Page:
7 Best Strategies to Heal Food Sensitivities Naturally

Written By

Rhea Dali

Expert Reviewed By

Dr. Lauryn Lax, OTD, MS

Dr. Lauryn, OTD, MS is a doctor of occupational therapy, clinical nutritionists and functional medicine expert with 25 years of clinical and personal experience in healing from complex chronic health issues and helping others do the same.

Food sensitivities or “food intolerances” are epidemic in modern day.

  • Entire grocery store aisles are devoted to “gluten free” eating.
  • The dairy industry now produces dairy-free and lactose free milks.
  • Some kids cannot bring peanut butter to school AT ALL
  • There is a diet for any ENTIRE food group you want or need to avoid (protein, fat or carbs)

In other words: food sensitivities are not only common now…they are “normal.”

And, while we can all agree that processed foods and chemical-laden foods are good to limit and avoid, what about food sensitivities to “real foods”—like rice, oats, cherries, shellfish, peanut butter and beyond?

Why do food sensitivities happen to real (healthy) foods and, more importantly, can you overcome them?

The short answer: Your gut-brain axis is out of balance, and, yes, you can overcome many food sensitivities with these 7 strategies.


Food Sensitivities - Unhappy Woman Suffering From Face Inch

Most people aren’t born being sensitive to yogurt or sweet potatoes or almonds or beef. There are several reasons why food sensitivities happen, including:

#1. Reduced “oral tolerance.”

You lose healthy gut bugs or have gut dysbiosis—imbalance, that reduces your gut’s ability to digest foods.

#2. Reduced digestive “super powers.”

Low stomach acid, sluggish gallbladder function, low digestive enzymes.

#3. High toxin load.

Mycotoxins, pesticides, herbicides, heavy metals, chemicals and fillers (in many foods/supplements today) decrease our digestion and also make us more reactive.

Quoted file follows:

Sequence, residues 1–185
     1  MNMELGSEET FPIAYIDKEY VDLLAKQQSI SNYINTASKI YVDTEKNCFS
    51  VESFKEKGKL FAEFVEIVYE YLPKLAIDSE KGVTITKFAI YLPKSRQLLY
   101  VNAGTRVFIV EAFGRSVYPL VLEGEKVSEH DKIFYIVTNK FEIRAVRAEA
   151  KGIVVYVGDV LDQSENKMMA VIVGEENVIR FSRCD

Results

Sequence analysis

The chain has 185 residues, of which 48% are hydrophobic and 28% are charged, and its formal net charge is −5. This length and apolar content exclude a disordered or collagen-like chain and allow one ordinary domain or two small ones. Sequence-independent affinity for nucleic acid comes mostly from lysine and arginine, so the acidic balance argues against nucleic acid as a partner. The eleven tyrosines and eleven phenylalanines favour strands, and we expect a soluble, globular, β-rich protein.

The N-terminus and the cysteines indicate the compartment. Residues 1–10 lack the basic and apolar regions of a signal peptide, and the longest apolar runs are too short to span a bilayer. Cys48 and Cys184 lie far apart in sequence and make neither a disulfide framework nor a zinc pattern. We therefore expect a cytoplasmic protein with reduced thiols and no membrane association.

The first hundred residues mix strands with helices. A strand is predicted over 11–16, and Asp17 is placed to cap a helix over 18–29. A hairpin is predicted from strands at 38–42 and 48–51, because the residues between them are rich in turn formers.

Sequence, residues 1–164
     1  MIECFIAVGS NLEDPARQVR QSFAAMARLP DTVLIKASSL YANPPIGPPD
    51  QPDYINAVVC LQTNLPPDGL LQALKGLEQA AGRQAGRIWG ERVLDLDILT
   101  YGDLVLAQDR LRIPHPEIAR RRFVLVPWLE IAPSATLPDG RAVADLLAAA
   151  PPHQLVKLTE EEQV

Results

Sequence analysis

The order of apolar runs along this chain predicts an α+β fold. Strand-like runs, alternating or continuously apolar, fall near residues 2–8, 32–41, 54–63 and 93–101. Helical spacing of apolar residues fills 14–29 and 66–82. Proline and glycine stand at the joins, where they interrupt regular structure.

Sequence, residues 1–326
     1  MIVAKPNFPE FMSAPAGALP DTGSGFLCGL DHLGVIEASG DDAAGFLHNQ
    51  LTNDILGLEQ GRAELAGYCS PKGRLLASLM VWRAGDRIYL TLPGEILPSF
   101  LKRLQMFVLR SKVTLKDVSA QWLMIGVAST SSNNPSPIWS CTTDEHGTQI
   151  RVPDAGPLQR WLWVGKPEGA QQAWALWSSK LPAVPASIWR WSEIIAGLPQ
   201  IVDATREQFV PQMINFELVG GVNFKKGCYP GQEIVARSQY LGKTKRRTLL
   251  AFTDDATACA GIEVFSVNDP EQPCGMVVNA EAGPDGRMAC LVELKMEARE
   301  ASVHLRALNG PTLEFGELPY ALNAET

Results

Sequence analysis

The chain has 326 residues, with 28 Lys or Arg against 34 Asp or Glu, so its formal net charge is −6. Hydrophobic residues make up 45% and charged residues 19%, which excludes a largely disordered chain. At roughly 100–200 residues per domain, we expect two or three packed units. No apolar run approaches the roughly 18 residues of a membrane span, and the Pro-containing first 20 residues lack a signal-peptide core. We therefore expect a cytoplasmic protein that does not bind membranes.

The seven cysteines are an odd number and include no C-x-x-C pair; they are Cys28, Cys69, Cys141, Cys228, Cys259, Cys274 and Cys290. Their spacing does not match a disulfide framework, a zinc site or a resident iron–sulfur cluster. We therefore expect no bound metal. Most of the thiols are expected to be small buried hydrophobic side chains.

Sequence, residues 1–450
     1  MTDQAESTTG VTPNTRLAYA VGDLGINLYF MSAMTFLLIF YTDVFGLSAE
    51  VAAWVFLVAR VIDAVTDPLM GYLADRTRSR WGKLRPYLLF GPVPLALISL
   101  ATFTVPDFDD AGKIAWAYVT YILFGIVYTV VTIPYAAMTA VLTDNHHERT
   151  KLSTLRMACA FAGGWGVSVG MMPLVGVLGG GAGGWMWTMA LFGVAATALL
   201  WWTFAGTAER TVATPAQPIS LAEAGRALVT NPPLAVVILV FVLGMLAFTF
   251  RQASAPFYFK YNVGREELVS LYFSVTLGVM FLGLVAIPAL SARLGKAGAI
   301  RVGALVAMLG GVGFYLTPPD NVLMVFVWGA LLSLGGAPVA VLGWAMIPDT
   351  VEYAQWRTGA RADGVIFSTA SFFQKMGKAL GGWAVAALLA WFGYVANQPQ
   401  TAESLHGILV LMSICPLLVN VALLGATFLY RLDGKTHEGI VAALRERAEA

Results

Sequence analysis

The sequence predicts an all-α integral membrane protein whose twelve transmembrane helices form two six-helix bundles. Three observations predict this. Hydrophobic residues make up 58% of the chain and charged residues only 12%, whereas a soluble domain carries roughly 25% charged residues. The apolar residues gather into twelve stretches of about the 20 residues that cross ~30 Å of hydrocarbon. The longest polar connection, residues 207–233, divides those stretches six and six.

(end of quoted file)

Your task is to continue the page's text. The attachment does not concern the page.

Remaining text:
#4. Gut Brain stress.

Food intolerances are related to an “indigestible conflict”—something you can’t figuratively digest or swallow in your life. 

Like Little Johnny”. 7 year old Little Johnny ate a PB&J sandwich every day for lunch. He did for years and loved it! Then one day he witnessed his parents having an “all out” fight that led to their divorce…while eating his beloved PB & J sandwich. A few weeks later, he began to develop symptoms when he ate his same ol’ sandwich. It was assumed he had an allergy to peanuts and gluten…but did he really? The body keeps the score.

My former sensitivities to histamine-rich foods, oxalates and “healthy” foods like sweet potatoes, grass-fed beef, nuts, eggs, apples, broccoli and beyond also are a great example of how food sensitivity happens with stress. When I got sick with mold (a huge stressor), I became sensitive to multiple foods that the body associated with stress—both due to mold AND my history of anorexia.

When I had anorexia, my brain thought sweet potatoes had too many carbs, beef and nuts were too high in fat, apples, broccoli and egg whites were “safe” foods—both fear foods and diet foods were associated with stress. Boom! Food sensitivities galore when significant “indigestible” stress struck later in life! My brain and body went right back to the “old days” and said “Nope! Not into these foods!”…Until, I began to take back my “power” and learned how to heal my food sensitivities naturally. 

Similarly, another client of mine found herself with food sensitivities to “everything!” This occurred on the tails of her 7 year battle with autoimmune disease, mold exposure, hormone imbalances and gut issues galore. When we met, she was only eating about 5 to 10 foods because it’s all she could tolerate. Why did this happen?

Deep down, this client had a deep seeded belief that certain foods would make her fat—a belief that began at age 14 when her dad told her “carbs are bad.” Enter: Stress in her life—which correlated stress with food fears too.


Food Sensitivities - Woman Feels Dizzy, Depleted By Exhausted Body, Starvation

#1. Identify the Root Cause of Your Food Sensitivity 

Two questions for you:

  1. What is the “indigestible” conflict or stress that is associated with the food(s) you are eating?
  2.  And what was going on in your life (stress-wise/conflict) prior to becoming intolerant to the foods you “can’t” eat right now? 

The answers to these 2 questions can be very helpful for taking your “power” back.

Note: Some foods have LOTS of stressors and conflicts embedded in them without recognizing the exact stressor or conflict. 

For example, foods like gluten and dairy are some of the most eaten foods in the U.S. and if you grew up like me (a kid of the processed food generation and the Standard American Diet), it makes sense why these foods are some of the most “wide spread” food intolerances (they are eaten a lot and there are alot of stressors/conflicts that may be considered indigestible in our life).